Maybe, just maybe, Garth Turner was wrong! Maybe the Home Price Index is actually a superior way of tracking market conditions compared to tracking average and median prices.
Kevin from the Saskatoon Housing Bubble Blog was messing around with Saskatoon's HPI the other day and I decided to do the same for Toronto. I found that Toronto's HPI is painting a surprisingly different picture. Different, but not necessarily rosier.
It looks like HPI is not seasonally adjusted. First of all, there is not a single mention of the HPI having been seasonally adjusted in its methodology guide, and second of all, TREB compares benchmark index on a year-to-year basis. Below is the HPI graph that I have created for a composite HPI in both the GTA and the City of Toronto. Notice a seasonal pattern.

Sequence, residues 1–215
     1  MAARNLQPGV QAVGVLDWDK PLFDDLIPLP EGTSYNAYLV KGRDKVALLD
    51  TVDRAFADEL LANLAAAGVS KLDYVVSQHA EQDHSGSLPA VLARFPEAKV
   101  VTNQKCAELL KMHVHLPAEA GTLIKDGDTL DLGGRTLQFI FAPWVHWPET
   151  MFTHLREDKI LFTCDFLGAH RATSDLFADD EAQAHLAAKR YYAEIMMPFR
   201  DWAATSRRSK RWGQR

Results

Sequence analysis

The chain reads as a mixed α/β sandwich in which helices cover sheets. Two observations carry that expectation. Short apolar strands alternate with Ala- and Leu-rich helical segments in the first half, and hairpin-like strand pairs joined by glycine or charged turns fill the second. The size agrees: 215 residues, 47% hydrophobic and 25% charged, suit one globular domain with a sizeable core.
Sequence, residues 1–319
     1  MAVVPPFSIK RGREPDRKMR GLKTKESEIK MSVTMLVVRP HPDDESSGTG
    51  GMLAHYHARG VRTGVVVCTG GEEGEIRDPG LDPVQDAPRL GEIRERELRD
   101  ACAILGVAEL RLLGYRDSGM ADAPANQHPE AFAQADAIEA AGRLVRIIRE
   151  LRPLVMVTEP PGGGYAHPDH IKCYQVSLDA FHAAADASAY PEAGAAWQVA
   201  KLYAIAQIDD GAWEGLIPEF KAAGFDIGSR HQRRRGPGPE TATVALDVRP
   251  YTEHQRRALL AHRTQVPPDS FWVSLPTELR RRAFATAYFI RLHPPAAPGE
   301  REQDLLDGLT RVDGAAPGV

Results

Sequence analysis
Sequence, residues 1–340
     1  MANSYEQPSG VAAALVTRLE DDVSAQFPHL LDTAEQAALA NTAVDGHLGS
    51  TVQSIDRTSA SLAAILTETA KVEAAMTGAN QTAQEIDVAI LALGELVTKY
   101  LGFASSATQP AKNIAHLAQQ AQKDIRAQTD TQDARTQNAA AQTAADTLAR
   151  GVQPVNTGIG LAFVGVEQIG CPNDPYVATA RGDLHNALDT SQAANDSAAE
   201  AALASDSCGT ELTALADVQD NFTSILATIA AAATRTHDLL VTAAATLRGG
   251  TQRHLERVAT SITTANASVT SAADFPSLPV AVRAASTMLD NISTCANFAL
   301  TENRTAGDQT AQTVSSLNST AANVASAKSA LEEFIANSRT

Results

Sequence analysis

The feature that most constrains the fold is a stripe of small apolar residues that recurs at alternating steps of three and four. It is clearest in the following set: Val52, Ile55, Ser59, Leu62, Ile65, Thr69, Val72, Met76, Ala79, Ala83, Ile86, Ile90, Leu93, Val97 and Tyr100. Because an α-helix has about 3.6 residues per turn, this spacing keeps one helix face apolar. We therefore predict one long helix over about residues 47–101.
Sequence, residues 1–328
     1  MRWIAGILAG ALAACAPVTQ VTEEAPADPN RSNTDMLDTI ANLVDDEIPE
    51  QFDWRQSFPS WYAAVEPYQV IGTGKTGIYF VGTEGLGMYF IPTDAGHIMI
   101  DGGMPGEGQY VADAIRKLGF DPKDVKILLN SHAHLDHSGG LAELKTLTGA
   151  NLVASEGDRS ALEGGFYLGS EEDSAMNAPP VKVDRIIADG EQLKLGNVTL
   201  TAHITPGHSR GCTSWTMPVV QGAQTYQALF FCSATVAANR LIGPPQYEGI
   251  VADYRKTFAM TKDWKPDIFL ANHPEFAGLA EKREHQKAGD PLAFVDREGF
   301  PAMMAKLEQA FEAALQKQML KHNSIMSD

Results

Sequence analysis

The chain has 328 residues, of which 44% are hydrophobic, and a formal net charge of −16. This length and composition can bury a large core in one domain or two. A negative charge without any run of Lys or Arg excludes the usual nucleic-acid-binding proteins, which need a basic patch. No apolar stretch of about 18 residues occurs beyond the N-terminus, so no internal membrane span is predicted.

In the following graph I compared year over year changes in HPI, average and median prices for apartments in the City of Toronto.
Finally, I zoomed in on the eastern part of downtown.
As you can see, condo prices have been falling in C08 since August of 2012 according to Home Price Index.
For example, in January 2013 condo prices fell over 6% in C08. Yet when you look at the average and median price change on Y/Y basis for C08, the picture would be a 4% and 1% increase respectively.
Overall, it looks like the HPI is painting a bleaker picture than originally anticipated. While the average price in the GTA went up by 5.4% last May, the HPI only went up by 2.8%.
I wonder whether the HPI accounts for inflation as that would partly explain its patterns.